And this worrying trend is happening despite ever-increasing spending on security:


In most situations, certainly at this scale and over a period now spanning well more than a decade, investment in an overall approach is expected to have an impact in reversing or reducing what it is it’s trying to combat.

Instead, many practitioners, vendors, and experts use these figures to point out how prevalent and sophisticated attackers are, and that we must therefore double down further on our investment in “cyber.”

I have instead come to see it as a rather damning indictment of just how poor our current approach is. Dozens of times I have seen companies with millions spent on security, with NIST and ISO frameworks in place, and still be absolutely trounced by a bored teenager with a laptop.

If we had an effective and sustainable approach to reducing issues, we should be seeing trends like those in mature industries where they too are fighting to reduce the number of incidents. They identify root causes no matter where they are and address them, upstream, pre-emptively.

Take the aviation sector for example, which addresses issues as far upstream as possible regardless of how distant they seem from most people’s concept of “aviation” (Everything from engineering, metallurgy, corporate culture, drug use, the tone of alarm sounds, control ergonomics, human factors, etc.) to drive a reduction in possible failure points:

That is what the results of an effective approach look like.

If we found that the bolts holding the wings onto a plane’s fuselage were coming loose during flights, we wouldn’t set up a function where we employ thousands of people to retorque bolts after every flight, forever. We’d make a change to the design or manufacturing process once, then remediate what was in the field. And yet, most security work has more in common with the former than the latter.

So, what should we be doing in Information Security? It seems clear to me that a change in approach is needed. But what? And more importantly, based on what principles?

Let’s begin with some opening questions:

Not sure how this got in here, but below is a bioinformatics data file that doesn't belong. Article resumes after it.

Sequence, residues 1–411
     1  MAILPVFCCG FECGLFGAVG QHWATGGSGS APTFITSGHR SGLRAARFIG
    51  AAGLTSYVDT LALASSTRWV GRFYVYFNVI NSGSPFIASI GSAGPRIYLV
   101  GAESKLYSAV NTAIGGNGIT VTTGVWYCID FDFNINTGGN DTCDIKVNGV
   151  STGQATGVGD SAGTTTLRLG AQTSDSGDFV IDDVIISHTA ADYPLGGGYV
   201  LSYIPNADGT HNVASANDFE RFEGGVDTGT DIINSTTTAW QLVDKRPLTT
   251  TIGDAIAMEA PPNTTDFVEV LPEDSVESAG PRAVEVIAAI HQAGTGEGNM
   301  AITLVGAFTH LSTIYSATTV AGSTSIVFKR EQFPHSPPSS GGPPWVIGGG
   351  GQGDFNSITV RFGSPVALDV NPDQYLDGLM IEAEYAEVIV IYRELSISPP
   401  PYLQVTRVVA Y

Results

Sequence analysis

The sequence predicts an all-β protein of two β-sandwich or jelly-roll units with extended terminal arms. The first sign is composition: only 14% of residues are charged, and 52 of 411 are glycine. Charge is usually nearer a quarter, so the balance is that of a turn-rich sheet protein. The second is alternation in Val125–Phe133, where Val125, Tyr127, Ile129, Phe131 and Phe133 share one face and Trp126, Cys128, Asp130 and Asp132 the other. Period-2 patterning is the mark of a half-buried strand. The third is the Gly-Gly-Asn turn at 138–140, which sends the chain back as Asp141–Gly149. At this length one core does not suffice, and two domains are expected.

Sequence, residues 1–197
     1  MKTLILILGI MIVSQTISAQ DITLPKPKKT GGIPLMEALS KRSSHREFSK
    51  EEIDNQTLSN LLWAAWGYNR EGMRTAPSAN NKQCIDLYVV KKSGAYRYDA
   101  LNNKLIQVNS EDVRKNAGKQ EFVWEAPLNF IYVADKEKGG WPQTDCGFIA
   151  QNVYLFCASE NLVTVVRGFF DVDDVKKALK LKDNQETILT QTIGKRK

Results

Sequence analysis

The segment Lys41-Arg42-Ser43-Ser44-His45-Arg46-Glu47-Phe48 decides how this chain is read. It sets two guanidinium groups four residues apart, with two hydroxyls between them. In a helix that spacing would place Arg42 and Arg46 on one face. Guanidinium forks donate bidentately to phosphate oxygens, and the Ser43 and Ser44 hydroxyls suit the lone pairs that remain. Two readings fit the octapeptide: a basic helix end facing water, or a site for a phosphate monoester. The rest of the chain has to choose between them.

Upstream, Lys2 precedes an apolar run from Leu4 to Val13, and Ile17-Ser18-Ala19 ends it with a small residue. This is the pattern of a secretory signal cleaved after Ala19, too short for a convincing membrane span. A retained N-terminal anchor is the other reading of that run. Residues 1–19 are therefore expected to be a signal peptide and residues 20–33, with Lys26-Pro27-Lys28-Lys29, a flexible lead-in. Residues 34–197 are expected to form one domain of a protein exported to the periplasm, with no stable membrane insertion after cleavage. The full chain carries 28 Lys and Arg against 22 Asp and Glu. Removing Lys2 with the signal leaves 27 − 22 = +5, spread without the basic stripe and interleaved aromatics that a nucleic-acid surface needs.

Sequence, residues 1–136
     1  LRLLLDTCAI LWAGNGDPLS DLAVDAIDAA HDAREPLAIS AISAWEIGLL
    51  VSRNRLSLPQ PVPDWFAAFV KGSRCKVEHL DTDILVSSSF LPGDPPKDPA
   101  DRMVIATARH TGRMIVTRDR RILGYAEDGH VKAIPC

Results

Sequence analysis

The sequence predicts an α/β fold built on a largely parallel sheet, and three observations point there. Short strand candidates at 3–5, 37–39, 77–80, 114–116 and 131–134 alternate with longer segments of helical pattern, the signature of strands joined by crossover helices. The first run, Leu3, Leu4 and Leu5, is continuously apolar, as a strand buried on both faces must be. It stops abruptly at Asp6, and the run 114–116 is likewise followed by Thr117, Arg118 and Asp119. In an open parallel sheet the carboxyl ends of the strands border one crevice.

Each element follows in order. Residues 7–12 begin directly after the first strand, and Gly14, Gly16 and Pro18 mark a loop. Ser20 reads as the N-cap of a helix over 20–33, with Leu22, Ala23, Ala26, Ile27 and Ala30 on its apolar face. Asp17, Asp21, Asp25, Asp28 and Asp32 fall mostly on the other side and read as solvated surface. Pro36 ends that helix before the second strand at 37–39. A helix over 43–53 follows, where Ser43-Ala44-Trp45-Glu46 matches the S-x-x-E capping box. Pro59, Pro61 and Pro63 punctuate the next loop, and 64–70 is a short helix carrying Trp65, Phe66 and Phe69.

Have you ever considered…

·      That security vulnerabilities are defects? Whether it be in code, architecture, design, maintenance, process, or even human behaviour?

·      That, to rectify this,Security might ultimately be more effective as a business quality function?

·      Why we tend to focus on threats and protecting vulnerable applications, systems, and infrastructure, rather than on changing the business processes that lead to their vulnerability in the first place?

·      If we could drive improvements to security without having to continuously (and unsustainably)increase the scale of security operations?

·      How mature industries like automotive, manufacturing, or aviation stop issues from recurring or occurring at all? And how some of approaches could be relevant to Information Security?

·      Whether Risk Management could be simpler if we calculated backwards from business downtime, rather that the innumerable arbitrary compounding variables that might lead to that downtime?

·      How storage and recovery capabilities can allow us to shift more resource towards a strategic security approach, rather than mitigation and firefighting?

·      How recovery should be implemented to ensure reliable recovery if things do go wrong?

Over the course of this six-part series, we’ll be exploring all these questions and what they mean to improving the security posture of our organisations. We look forward to having you join us for these insights. Don’t miss it!

Next article: What We Call Security: Security as Quality (2/7)